Tea companies respond

After testing of tea conducted by the Canadian Food Inspection Agency in 2009 and 2011 revealed amounts of pesticides residue on teas above what’s allowed by Health Canada, Marketplace commissioned our own testing to see if teas with these amounts of pesticide residue are still on the shelf.

Marketplace bought 10 popular brand-name teas and sent them to an accredited laboratory. The lab found  half of the teas tested had levels of pesticide residue above the allowable limits in Canada. In addition, some of the teas tested positive for pesticides which are in the process of being banned worldwide because of their negative impact on the environment and workers health.

In the course of our investigation, Marketplace contacted the Tea Association of Canada and the companies whose teas we tested. We shared our results with them and invited them to comment. In response we received a written statement from Unilever who owns both Lipton and Red Rose Tea and  TATA Global Beverages who owns Tetley, the largest selling brand in Canada. In its statement Unilever wrote:

"Unilever is fully confident in the safety of our teas.  We work cooperatively with the Canadian Food Inspection Agency (CFIA) and Health Canada ,and  -- on a global basis -- other regulatory agencies such as those in Europe and the United States.  The CFIA conducted three studies from 2009 to 2013 regarding agricultural residues in tea, and our products have been found safe."

In its statement TATA Global Beverages said:

"Like all agricultural crops, including fresh vegetables, fruits and grains, tea undergoes strict quality checks and is tested and monitored extensively – using industry-leading batch testing methods – to ensure it meets the guidelines set out in Canada’s food safety legislation.

Our company retains an independent, third party to collect representative samples from every tea shipment for testing in an expert accredited laboratory. When batch-testing is complete and meets our strict quality standards, the tea is then shipped to our tea blending facility, where it is packed into teabags.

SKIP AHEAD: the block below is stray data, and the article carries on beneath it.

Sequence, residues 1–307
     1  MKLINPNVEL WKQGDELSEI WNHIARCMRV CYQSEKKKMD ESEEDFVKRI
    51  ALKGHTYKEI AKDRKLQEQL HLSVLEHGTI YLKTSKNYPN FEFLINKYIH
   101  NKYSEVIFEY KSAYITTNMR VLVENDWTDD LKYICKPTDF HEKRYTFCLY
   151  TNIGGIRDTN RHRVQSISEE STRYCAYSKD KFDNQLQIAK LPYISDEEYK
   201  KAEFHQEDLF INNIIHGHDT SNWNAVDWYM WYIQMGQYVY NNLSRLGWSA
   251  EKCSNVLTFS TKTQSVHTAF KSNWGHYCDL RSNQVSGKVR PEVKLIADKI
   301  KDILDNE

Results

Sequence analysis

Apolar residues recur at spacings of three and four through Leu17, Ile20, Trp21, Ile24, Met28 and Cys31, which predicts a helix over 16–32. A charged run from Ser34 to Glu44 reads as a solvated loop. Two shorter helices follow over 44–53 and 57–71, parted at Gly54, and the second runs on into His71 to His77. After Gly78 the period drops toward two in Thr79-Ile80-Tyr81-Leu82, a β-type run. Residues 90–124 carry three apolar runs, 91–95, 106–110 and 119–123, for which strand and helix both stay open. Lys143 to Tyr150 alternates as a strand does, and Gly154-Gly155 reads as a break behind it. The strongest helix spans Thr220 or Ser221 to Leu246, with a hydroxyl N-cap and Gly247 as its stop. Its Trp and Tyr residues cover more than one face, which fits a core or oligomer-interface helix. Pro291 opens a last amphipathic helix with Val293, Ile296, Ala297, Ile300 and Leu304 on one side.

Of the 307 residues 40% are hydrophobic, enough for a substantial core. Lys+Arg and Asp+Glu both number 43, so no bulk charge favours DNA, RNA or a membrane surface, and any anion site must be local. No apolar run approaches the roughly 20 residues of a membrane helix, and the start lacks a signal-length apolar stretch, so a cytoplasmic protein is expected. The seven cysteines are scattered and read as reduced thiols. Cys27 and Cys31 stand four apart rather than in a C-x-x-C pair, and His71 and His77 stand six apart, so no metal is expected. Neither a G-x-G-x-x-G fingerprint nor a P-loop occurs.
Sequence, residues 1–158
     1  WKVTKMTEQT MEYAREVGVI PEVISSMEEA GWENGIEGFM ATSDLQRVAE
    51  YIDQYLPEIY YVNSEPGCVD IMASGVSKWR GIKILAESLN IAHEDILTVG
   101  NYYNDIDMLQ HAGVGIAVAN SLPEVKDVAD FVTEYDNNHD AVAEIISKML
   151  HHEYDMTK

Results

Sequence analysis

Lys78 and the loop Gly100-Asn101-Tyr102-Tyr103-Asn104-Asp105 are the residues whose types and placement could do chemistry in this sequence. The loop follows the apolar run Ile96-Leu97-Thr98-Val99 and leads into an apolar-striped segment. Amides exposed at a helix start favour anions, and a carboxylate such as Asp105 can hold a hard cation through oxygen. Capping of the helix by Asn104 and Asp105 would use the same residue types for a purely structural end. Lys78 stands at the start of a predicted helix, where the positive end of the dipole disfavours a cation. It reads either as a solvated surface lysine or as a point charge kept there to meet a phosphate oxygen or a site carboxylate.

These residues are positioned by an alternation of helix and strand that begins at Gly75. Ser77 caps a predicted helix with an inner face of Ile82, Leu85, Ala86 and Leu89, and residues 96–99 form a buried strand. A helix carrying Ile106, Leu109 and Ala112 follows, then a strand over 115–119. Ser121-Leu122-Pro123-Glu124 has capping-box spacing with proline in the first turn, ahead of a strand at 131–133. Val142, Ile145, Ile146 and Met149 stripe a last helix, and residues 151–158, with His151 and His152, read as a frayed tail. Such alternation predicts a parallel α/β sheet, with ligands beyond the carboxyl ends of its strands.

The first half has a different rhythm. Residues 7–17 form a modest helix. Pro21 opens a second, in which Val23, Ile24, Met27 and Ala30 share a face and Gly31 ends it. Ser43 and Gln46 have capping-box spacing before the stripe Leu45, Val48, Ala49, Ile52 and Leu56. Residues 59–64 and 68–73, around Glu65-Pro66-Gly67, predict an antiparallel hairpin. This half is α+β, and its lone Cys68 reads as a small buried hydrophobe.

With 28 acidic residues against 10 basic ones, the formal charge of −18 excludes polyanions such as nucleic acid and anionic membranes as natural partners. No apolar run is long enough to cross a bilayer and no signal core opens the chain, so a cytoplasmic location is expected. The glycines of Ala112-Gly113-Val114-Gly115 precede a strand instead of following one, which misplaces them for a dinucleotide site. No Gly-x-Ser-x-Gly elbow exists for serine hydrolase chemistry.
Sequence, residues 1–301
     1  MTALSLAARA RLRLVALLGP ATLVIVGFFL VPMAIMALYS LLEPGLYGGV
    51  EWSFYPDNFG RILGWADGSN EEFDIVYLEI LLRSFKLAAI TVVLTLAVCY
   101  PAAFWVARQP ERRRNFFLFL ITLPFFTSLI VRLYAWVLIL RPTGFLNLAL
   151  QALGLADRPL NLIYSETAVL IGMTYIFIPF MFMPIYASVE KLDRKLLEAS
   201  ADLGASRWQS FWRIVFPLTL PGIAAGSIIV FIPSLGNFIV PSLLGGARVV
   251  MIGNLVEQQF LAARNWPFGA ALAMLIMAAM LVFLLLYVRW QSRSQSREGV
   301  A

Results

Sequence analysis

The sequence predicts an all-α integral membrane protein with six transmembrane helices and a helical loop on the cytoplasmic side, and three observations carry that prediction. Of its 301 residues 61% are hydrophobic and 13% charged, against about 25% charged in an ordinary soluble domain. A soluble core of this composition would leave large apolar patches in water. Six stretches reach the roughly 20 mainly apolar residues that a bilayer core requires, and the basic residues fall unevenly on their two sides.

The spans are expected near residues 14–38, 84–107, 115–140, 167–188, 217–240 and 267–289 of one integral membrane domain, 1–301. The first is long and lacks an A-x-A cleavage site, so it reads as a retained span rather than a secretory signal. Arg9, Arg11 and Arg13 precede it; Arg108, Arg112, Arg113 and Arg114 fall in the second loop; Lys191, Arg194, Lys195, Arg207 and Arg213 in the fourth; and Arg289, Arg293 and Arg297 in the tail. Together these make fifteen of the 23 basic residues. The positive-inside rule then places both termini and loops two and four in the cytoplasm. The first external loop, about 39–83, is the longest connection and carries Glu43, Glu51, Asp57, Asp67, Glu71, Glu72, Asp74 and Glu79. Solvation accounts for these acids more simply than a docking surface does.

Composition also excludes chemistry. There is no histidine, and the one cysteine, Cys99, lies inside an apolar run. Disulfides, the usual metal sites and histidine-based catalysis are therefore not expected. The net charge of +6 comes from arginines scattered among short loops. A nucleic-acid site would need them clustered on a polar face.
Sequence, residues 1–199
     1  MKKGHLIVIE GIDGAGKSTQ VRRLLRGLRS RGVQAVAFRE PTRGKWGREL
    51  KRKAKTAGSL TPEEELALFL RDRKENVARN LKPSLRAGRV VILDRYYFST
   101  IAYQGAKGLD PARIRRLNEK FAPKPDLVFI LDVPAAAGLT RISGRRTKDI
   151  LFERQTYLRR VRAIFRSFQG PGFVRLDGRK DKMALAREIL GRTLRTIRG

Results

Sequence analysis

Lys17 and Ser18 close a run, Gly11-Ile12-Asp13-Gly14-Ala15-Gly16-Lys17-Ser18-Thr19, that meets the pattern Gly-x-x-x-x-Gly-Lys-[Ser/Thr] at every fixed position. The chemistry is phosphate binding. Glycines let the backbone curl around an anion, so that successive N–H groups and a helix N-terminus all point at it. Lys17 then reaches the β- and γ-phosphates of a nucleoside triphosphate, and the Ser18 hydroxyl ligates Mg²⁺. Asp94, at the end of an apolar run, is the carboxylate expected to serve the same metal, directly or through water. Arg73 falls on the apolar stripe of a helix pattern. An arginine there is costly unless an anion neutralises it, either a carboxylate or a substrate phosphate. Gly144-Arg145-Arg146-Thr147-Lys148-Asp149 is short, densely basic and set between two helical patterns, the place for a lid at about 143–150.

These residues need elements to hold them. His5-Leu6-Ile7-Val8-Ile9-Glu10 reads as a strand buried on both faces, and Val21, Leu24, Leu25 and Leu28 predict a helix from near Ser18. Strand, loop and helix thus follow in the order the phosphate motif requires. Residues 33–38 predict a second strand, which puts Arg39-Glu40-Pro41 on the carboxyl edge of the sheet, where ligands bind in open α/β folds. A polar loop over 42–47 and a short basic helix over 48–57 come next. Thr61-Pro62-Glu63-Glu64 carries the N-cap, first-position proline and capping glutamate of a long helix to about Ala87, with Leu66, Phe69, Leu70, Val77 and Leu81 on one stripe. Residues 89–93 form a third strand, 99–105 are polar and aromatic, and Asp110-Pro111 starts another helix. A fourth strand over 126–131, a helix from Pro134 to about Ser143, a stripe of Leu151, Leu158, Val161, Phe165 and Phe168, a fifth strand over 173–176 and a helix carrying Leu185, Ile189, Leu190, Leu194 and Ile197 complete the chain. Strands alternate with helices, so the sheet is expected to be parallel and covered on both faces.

Consumer safety is very important to us. Upon receiving your communication, we proactively retrieved the test results from the independent laboratory that tested the raw tea used in this batch code which confirmed that our tea complies with all Canadian food safety regulations and is of high quality."

Marketplace also asked the Tea Association of Canada for an on camera interview. They declined and instead sent us a statement saying:

"In Canada, the Tea Association continues to work with the Pest Management Regulatory Agency (PMRA), The Canadian Food Inspection Agency (CFIA) as well as the Food and Agriculture Organization of the United Nations’ Intergovernmental Group (IGG) on Tea, which is spearheading an agreement to harmonize pesticide standards, making tea production safer for consumers and protecting the livelihoods of millions of smallholder producers worldwide.

Consumers should continue to consume and enjoy the many varieties of tea for its health promoting and protective effects as well as its delicious taste. “There is now an overwhelming body of research from around the world indicating that drinking tea benefits human health,” says Dr. Carol Greenwood, Professor of Nutritional Sciences at the University of Toronto and a Senior Scientist at the Rotman Research Institute at Baycrest."

Finally, Marketplace also requested an on camera interview with the Canadian Food Inspection Agency to discuss the results of our test. The CFIA declined an interview but in response to our findings that 50% of the teas tested positive for pesticides residue levels above the allowable limit they said the following in an email:

"Health Canada reviewed the information provided by Marketplace and for the pesticides bifenthrin, imidacloprid, acetamiprid, chlorfenapyr, pyridaben, acephate, dicofol and monocrotophos determined that consumption of tea containing the residues listed does not pose a health risk based on the level of residues reported, expected frequency of exposure and contribution to overall diet. Moreover, a person would have to consume approximately 75 cups of tea per day over their entire lifetime to elicit an adverse health effect."

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